COVID TRAVEL DIARIES: ST. LOUIS, KANSAS CITY and then some

Unfortunately our drive thru Missouri and Kansas coincided with the big freeze of February 2021.  While most of our friends were hiding under their blankets or hanging out on Florida beaches we were entertaining ourselves by short ventures in and out of our car trying to stay worm.  I don’t think I ever experienced negative Fahrenheit temperatures before this trip.

But it is what it is and we still had to find local attractions. We started at the St. Louis Art Museum. One must buy time stamped tickets due to Covid. https://www.slam.org. It is a nice and spacious museum with a decent collection of European art but for some reason is overwhelmed by German artists, especially Max Beckmann who got an entire large room more than any other artist there. The special exhibit Storm of Progress is also about Germany and frankly I didn’t connect to it. https://www.slam.org/exhibitions/storm-of-progress-german-art-after-1800-from-the-saint-louis-art-museum/

Another lovely place to visit is the Chess Museum/Chess Hall of Fame. They had a Keith Haring exhibit on the first two floors that was absolutely lovely and the Hall of Fame is on the third floor. https://worldchesshof.org, free entrance

Unfortunately the highly recommended Pulitzer Foundation was closed.

Chess Museum

For our one night in St. Louis we stayed at the Angad Art Hotel, a lovely whimsical place part hotel part museum part musical performance space (obviously closed now). Every room is decorated in a different color.  I chose navy blue and the room was great. Another bonus is a roof top bar where we completely took advantage of their happy hour. A friend was telling us that there are places with live music around but we were seriously drunk by 8pm and happy not to venture out into the extreme cold. https://www.angadartshotel.com/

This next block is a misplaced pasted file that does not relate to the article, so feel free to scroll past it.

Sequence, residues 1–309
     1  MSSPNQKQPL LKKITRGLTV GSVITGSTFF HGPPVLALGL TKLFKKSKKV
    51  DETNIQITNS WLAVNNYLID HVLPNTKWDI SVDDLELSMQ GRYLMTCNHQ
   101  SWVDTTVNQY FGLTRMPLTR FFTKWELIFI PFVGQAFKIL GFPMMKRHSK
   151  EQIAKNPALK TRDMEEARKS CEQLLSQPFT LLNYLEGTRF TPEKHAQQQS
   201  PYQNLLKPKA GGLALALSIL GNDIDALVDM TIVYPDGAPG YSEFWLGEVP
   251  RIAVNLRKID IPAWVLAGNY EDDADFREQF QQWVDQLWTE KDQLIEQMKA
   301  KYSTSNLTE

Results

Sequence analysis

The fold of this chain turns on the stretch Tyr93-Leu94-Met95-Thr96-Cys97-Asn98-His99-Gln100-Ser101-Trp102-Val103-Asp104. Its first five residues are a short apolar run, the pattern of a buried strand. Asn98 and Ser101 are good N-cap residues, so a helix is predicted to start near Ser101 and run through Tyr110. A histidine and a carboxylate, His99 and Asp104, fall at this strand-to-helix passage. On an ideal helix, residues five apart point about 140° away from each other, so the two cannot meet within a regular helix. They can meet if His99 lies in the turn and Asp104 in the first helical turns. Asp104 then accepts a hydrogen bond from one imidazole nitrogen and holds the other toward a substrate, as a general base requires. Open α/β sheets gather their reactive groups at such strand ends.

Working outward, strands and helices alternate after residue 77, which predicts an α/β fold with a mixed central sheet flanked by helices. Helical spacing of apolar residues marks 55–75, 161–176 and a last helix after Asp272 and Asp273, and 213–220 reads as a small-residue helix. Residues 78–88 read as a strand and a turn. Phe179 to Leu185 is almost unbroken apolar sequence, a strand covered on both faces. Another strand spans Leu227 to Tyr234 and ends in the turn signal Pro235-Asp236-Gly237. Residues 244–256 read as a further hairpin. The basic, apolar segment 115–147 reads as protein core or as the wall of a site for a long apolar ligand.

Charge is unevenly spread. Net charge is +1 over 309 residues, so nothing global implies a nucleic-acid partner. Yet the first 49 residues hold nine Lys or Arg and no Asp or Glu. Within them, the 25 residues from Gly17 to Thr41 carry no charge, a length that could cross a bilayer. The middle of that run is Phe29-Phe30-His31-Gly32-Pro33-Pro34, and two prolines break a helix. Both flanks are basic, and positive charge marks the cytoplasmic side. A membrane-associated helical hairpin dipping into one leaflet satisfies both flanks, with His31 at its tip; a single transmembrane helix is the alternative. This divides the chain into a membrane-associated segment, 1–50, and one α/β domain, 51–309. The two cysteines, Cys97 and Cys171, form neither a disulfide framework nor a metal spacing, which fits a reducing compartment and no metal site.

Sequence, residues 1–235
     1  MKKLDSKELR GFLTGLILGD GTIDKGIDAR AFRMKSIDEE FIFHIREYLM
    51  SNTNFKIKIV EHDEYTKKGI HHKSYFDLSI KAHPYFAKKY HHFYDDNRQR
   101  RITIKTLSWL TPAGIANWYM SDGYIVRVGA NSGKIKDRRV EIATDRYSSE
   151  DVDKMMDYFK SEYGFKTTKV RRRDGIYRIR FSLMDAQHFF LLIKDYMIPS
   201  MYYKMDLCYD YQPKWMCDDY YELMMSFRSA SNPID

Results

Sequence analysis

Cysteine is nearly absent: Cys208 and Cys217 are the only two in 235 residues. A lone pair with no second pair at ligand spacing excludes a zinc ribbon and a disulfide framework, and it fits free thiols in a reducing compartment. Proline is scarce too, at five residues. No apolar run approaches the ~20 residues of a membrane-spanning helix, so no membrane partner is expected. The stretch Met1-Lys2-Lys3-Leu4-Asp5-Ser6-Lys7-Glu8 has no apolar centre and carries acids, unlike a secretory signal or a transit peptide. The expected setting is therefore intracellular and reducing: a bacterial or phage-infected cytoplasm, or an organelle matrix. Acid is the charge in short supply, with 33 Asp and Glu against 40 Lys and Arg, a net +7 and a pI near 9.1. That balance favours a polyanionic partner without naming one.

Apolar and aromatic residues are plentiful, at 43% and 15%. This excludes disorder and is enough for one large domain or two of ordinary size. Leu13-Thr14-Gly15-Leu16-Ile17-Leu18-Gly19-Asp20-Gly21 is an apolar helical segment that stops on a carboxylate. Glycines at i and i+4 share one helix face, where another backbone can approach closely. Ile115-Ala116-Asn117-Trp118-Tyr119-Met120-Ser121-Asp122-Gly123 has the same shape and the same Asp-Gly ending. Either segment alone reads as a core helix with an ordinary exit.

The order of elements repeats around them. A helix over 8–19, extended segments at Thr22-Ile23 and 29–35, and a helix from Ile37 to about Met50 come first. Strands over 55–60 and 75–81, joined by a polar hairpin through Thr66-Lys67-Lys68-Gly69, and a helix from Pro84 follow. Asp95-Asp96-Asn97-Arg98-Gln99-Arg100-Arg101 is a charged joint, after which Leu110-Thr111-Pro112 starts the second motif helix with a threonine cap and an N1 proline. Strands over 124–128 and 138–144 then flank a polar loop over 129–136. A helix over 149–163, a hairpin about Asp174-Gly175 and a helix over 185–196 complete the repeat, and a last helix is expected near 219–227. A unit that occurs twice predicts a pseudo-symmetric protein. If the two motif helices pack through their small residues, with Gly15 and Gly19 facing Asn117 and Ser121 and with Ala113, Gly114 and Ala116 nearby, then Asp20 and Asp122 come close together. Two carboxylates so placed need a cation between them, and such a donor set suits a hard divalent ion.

Hotel Lobby
Hotel Lobby

As I was told by a native Missourian, a must eat food when in St. Louis is actually not BBQ but toasted ravioli. For that treat we drove to the Italian neighborhood, the Hill, and got a steaming fresh order of them at Mama Toscana, a small family operation famous for that dish. One order is huge and indeed is a treat but I could feel gaining pounds simultaneously with my consumption thereof. https://mamatoscano.com/

Finally, we couldn’t leave without taking some pictures by the Arch, even though it was brutally cold.

Next was Kansas City where we stayed for two nights and frankly so far on this trip this was the place where I felt the most unsafe Covid wise.

On one hand it was nice that so many entertainment venues were open and after a year in isolation we couldn’t resist going out. But in hindsight we probably took unnecessary risks. While the staff everywhere was wearing masks the patrons didn’t look like they care about social distancing. We however, obviously kept our masks on and sanitized incessantly.

Kansas City is sprawled around between various neighborhoods and don’t forget that part of the city is actually in Kansas and not Missouri. Since most downtowns now are pretty much abandoned we began staying in the suburbs with better choice of good hotel deals and free parking. Therefore we did stay in the Missouri part in a comfortable Hilton Garden Inn 5 minutes drive from downtown.